I also remember thinking that hosting the King and court would be a mixed blessing – you’d catch his eye but go bankrupt doing it. I guess that’s where getting a lucrative court position out of the visit would come in.

  16. Jayne
    Jan 15, 2011 @ 04:41:19

    @Merrian: I’ve had “Untold Scandal” in my queue for a while now. And, oh look, it’s available for streaming now!

  17. cate
    Jan 15, 2011 @ 04:53:01

    I have a candidate for your Netflix queue
    Jayne, seeing as you’re having a spot of French leave.! And it’s La Demiselles De Rochfort aka The Young Girls Of Rochfort(in the UK anyway ? USA) .
    It’s a French musical….Music by the the sublime Michel Legrand , starring Gene Kelly, Catherine Deneuve, Francoise Dorleac, & George Chakiris !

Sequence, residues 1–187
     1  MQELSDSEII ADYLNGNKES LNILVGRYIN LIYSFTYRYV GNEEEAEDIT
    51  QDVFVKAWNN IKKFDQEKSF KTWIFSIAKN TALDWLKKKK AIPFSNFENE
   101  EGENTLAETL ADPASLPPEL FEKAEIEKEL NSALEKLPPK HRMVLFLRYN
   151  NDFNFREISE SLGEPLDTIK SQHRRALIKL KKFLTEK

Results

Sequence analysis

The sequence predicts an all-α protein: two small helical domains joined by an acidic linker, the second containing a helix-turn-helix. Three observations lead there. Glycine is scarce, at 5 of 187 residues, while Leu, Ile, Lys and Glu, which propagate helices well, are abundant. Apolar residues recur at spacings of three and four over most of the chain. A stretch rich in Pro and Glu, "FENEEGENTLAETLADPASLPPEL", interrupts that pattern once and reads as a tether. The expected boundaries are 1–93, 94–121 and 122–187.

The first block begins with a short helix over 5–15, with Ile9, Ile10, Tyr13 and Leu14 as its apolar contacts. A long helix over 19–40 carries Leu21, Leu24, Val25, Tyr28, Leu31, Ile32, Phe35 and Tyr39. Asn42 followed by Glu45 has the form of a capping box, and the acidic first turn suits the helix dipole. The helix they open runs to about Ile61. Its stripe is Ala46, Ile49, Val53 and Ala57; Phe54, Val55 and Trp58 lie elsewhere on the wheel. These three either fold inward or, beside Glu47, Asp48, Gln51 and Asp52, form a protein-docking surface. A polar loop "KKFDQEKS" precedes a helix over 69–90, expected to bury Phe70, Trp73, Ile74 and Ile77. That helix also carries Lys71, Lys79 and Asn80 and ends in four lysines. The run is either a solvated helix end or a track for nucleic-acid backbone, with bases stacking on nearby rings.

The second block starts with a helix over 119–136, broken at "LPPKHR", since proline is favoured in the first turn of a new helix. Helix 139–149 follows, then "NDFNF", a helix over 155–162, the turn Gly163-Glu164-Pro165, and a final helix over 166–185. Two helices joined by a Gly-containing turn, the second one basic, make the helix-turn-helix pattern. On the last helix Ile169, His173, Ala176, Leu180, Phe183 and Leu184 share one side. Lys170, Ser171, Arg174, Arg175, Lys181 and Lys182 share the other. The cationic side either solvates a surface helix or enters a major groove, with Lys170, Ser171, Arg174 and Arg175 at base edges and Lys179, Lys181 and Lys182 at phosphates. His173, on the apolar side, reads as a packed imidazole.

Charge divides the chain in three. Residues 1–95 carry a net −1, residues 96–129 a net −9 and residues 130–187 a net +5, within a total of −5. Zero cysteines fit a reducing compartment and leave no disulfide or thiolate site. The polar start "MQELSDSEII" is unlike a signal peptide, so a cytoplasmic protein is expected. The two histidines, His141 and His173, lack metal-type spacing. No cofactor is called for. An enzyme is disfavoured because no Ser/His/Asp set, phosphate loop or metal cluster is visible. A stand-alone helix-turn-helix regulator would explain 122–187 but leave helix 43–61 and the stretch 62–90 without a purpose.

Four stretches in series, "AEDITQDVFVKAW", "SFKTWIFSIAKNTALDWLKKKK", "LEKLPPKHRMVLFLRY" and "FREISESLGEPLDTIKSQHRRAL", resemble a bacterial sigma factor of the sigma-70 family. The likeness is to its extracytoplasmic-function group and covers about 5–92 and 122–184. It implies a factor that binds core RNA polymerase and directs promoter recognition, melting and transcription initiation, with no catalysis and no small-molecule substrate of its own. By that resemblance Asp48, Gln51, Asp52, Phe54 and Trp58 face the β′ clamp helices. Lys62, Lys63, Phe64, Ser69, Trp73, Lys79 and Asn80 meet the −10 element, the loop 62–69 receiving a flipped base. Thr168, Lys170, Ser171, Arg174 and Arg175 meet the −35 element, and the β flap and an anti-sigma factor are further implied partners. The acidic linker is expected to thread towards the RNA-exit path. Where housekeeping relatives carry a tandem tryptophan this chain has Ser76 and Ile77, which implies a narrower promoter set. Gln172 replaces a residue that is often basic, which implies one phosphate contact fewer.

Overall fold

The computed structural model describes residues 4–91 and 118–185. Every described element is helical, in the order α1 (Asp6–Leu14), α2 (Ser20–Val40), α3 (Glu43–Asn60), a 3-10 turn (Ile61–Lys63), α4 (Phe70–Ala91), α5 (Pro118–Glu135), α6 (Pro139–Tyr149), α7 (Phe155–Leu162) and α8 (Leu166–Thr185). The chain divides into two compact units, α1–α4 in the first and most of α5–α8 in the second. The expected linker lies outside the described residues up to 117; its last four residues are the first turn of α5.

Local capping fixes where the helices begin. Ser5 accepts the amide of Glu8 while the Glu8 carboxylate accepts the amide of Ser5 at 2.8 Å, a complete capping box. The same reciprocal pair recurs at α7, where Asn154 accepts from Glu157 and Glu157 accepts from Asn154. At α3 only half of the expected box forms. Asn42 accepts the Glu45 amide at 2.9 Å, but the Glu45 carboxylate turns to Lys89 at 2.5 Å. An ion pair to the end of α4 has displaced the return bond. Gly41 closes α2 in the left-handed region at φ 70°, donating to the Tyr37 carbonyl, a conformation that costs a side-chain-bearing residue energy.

It’s fabulously shot, has the most gorgeous colour palette of costumes ever…French chic rocks in this flick!
    And the most utterly barking plot that side of the Channel….Great for a cold winters evening, & it’ll have you booking your holiday to France faster than you can say ” two croissants please”
    Finally….Lynne Connelly ..Jean Paul Belmondo as a young man, PHWOAR just PHWOAR !!!!!

  18. Jayne
    Jan 15, 2011 @ 06:28:47

    @cate: Okay, I’m game for a barking plot. And watch for next week’s entry into my French leave – it’s a mystery/thriller/suspense done French style!

  19. cate
    Jan 15, 2011 @ 07:56:47

    @Jayne:
    My euro’s on 8 Women !

  20. Laura Florand
    Jan 15, 2011 @ 16:34:07